The "bread calc" tab on the spreadsheet is a general hearth bread recipe that can be changed to match many different hearth breads. You can use it to duplicate a recipe in a book to understand the rise times and see the percentages of ingredients in a consistent format. You can also use it to design your own recipes or make small changes such as scaling the recipe to a different amount, adjusting the amounts of preferment, types of flours, hydration, and so on, to suit your needs.
Here's some stuff to help figure out how to use the spreadsheet for calculating rise times and hearth bread recipes. If you read this step by step, it should help a lot. However, I admit it's long and may take a while to get through. Sorry, I don't know an easy way around it.
First of all, you have to "enable macros", so that the software I wrote will run inside excel. You do that by going to "Tools", then opening the "Macro" dragdown menu, then "Security..." , and finally set the "security level" to "medium". You then have to close Excel and open it again. When you do open the Excel file, it will bring up a dialog box that asks you to decide whether to "enable macros" or not. You should click on the button labeled "Enable Macros".
Once that is done, the file should open for you, and you probably will see the "summary page". There are 4 pages: 1) Summary Page, 2) Bread Calc, 3) Graphs, 4) Model. To change pages you click on the tabs at the bottom of the window. The only pages that you really need to understand are the Summary Page and the Bread Calc page.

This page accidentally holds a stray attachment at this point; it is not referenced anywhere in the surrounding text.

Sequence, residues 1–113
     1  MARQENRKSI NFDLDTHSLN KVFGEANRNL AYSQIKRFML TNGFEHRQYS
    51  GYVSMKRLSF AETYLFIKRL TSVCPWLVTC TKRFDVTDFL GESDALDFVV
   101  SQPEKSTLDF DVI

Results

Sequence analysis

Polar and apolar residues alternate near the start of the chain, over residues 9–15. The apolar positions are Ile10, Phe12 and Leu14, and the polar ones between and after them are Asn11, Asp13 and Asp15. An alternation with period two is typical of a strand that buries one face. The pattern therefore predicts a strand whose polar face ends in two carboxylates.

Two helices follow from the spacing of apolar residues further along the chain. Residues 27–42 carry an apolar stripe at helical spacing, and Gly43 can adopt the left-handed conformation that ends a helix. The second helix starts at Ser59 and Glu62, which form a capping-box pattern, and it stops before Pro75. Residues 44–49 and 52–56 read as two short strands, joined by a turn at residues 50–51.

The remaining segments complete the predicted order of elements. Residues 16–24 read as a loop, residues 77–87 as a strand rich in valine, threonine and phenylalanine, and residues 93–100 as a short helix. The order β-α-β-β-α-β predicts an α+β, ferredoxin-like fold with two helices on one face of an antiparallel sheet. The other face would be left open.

Remember that the numbers you can change are highlighted in blue, other than the labels for ingredients and flours in the bread calc page, which can be changed, too. Look for the comments that pop up when you run your mouse over the text boxes with red triangles in them. Those comments should help a lot to figure out what is going on in the spreadsheets.
The Bread Calc page has a generic bread recipe on it. You can change the amounts you see in blue. Most of the amounts you enter are bakers' percentages. If you type 31% (literally a 3, a 1, and a shift-5 for % sign), it will take that as "31%". Some of the amounts are in grams. In that case, just type in the number, like to enter 12g type 12 (literally a 1, then a 2) in the field for the weight in grams that should be highlighted in blue. An example of that is the amount of storage starter.
On the Bread Calc page, you can set up a recipe by first setting the overall numbers down below: the total flour, the overall hydration percentage, the salt percentage, and the desired inoculation percentage (percent of fermented flour coming from the levain, typical example would be 15% fermented flour for the VT Sourdough). Then, enter the amounts of storage starter you want to use. I provided both a firm starter and a 90% hydration starter, but you can change the hydrations of either starter to match the starter you are using. The amounts of storage starter are specified in grams. You also specify the hydration desired for the levain, and specify the percentages of any additional levain flours as a percentage of the total flour in the levain. After that, you specify the additional ingredients and flours in the dough as percentages of the total flour in the recipe.
Just a side note, I do the bakers' percentages based on total flour weight, since that is the best way to scale the entire recipe and understand the overall important percentages like hydration and salt, I believe. Often, in recipe books they don't include the flour coming from the preferments in the total flour used as 100% for the bakers' percentages. So, yes, you do have to play a little with the percentages to get them to match up with a recipe in a book that may not use the same system as I'm using there. However, you can still put almost any hearth bread recipe into the format in the spreadsheet. I've done this same spreadsheet for quite a few different breads, including the Thom Leonard and the Essential's Columbia, as well as various miches, ciabattas, focaccias, and so on.